The Fresh Beats all wear the same shit every episode. Kiki's Viacom-mandated uniform consists of a pink top, capri stretch pants, a frilly skirt over the stretch pants, and hi-top sneakers. If you think this wardrobe wasn't carefully workshopped by 60 conniving Viacom executives, you don't know the TV business, sonny boy. I bet they tried a thousand different headbands before forcing Kiki into the one she wears now. I'm excited for her to finally quit the show and turn goth.
Marina: The drummer. Stands while drumming, Sheila E.-style. Those aren't even real drums.
Of course, every seasoned viewer of the Fresh Beats knows that Marina has been played by two actresses. The original Marina left show, according to Wikipedia, to "get married and pursue other projects." BULLSHIT. She had a nasty coke addiction and demanded to write her own songs and then producers forced her off the show and you can't tell me otherwise. Obviously, without the old Marina, the show has jumped the shark. You think I'm just gonna ACCEPT a new Marina with no explanation, Nick Jr.? That girl is an impostor. She has Hagar'ed the whole enterprise. It's not the same now and you know it!
Twist: The DJ of the group. Why does the group need a DJ? Why not hire a functional bassist to give these songs some heft? Anyway, Twist DJs and does the occasional freestyle rap. And yes, he is white. It's awful. It's every horrible suburban white boy stereotype embodied in a single being. It's Brian Austin Green times 20. I bet Twist thinks he looks badass rapping on these tracks, too. Like he's bringing the REALNESS to the group when he does this. I guarantee you he shows up unannounced at local clubs in Orlando hoping to play house music, like Avicii or something like that. Every member of the Fresh Beats has hopes and dreams far beyond what they're doing now, and Twist's hopes and dreams are the douchiest of the bunch. His real name is Jon Beavers. Swear to God.
Twist wears a hoodie at all times, and when I wear one around the house, my wife will tease me and say that I look like him. "Morning, Twist! How's it going, Twist?" YOU SHUT YOUR MOUTH, WOMAN.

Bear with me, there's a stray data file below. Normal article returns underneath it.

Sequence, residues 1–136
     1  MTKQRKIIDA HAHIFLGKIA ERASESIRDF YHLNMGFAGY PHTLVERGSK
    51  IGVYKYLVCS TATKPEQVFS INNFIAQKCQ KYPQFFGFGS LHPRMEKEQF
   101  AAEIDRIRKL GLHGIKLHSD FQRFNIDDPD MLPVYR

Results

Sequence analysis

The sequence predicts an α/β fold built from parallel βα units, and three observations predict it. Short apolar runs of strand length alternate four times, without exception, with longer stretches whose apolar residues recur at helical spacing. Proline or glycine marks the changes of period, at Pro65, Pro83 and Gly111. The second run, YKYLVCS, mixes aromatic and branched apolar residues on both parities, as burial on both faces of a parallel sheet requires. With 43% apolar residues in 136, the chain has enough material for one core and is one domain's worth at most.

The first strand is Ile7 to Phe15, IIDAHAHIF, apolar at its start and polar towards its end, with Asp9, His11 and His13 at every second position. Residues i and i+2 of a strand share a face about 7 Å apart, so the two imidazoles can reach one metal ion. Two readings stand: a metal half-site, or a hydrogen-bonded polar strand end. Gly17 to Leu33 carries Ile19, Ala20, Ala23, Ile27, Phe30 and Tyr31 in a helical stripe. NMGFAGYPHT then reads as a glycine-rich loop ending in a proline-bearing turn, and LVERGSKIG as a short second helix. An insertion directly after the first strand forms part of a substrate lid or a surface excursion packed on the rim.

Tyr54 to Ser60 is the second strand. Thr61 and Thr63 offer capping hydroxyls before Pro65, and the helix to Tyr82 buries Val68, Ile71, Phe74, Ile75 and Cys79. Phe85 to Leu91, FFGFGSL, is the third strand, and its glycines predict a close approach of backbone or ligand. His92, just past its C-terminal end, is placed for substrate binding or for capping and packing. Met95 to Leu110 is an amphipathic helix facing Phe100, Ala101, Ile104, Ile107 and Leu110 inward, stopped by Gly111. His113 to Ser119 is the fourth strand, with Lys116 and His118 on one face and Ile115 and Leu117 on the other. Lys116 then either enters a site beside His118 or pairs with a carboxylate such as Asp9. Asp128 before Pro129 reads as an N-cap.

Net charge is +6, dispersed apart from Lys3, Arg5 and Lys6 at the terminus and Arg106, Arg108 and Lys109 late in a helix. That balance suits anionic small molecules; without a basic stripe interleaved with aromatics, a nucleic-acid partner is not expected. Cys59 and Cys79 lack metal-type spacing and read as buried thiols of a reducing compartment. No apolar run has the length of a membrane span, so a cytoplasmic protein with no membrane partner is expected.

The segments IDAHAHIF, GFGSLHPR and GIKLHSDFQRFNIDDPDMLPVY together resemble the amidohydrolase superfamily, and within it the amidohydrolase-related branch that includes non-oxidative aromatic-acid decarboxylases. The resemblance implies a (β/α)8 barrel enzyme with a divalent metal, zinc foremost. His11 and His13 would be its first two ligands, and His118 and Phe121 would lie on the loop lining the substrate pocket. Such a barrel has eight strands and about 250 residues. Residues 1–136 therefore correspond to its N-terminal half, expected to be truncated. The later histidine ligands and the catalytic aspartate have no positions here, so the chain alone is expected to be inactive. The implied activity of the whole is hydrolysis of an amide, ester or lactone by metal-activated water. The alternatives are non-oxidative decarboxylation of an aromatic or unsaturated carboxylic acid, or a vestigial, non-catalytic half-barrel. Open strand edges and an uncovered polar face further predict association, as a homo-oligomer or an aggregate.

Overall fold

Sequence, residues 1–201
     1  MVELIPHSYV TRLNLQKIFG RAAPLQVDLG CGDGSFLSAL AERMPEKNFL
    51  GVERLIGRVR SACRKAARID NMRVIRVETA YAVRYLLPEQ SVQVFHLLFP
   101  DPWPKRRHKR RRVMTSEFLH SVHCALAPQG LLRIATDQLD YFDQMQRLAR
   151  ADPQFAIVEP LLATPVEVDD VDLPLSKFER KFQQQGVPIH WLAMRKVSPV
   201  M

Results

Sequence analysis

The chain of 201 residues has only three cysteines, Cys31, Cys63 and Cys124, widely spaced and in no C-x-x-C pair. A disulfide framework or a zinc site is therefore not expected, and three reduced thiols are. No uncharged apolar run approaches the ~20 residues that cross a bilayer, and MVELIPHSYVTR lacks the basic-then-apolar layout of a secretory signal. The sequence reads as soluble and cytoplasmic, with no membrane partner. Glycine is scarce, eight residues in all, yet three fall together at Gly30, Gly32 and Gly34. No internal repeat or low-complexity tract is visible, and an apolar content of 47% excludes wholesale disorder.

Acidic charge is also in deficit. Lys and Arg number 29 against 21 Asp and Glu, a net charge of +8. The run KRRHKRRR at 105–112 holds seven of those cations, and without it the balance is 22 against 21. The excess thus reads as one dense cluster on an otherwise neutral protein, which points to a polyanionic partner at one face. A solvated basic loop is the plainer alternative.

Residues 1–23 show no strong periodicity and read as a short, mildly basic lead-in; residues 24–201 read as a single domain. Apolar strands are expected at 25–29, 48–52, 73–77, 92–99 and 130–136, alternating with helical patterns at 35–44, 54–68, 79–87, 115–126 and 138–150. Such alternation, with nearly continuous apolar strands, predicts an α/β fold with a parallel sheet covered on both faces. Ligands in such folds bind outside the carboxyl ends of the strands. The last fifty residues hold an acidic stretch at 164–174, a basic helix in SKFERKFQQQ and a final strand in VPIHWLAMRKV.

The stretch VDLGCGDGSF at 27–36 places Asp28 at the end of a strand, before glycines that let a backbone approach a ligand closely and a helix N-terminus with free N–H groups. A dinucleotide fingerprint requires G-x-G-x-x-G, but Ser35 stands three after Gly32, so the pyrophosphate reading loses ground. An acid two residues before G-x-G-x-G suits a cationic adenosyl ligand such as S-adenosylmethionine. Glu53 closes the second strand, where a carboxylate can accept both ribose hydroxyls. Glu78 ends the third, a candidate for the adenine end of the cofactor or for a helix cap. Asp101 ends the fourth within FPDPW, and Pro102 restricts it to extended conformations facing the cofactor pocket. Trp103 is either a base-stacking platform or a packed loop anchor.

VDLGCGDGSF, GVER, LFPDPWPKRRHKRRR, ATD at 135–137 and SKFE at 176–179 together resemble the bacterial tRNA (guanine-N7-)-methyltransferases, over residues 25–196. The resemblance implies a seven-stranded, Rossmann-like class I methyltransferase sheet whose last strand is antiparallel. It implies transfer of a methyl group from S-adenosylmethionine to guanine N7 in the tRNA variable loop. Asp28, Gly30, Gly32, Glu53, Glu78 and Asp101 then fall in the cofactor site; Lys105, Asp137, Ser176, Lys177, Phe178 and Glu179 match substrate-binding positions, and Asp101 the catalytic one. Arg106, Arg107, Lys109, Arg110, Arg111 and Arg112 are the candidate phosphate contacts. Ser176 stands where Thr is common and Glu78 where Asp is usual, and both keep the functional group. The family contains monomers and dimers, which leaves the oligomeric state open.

Shout: Token black member. I'm sorry to lean on that tired joke, but it's true. His character is massively underdeveloped, just like poor Winston over on New Girl. Shout is the one who can't stop dancing during the performance of "Loco Legs." Oh, I see how it is, ALL-WHITE WRITING STAFF OF THIS SHOW. It's the BLACK guy who can't stop dancing around, eh? THASS RAYCESS!
Anyway, Shout plays the keyboards (God forbid he be the one who raps, sparing us all from Twist's weak flow) and has arguably the best voice of the bunch. I bet all his friends back home tease him about being on the lamest show on TV, and he just drinks his beer and tells them, "Work is work, assholes."
"Loco Legs." See how long you can tolerate this song.
Every time this song is played, Prince loses an inch of height.
The Fresh Beat Band is a live-action show, which offers a bit of mild relief from the 8,000 animated programs your kids watch on any given day. And I suppose the songs offer a positive message for today's youth. Friends DO give friends a hand, it's true. I can't argue with the Fresh Beats there.
Sometimes, when no one is looking and my kids are staring at the TV and the FBB theme song pops up, I nod along with the chorus. It's a horrible split second in which the peppy melodies infect my system and I find myself almost kind of LIKING it. That's what makes this show so very dangerous. To detoxify my system, I must slap myself silly and go listen to Uncle Acid & the Deadbeats for an hour straight. The Fresh Beat Band is pure evil, as much as an innocent and friendly show about good friends can be pure evil.
Drew Magary writes for Deadspin and Gawker. He's also a correspondent for GQ. Follow him on Twitter @drewmagary and email him at firstname.lastname@example.org. You can also order Drew's new book, Someone Could Get Hurt, through his homepage.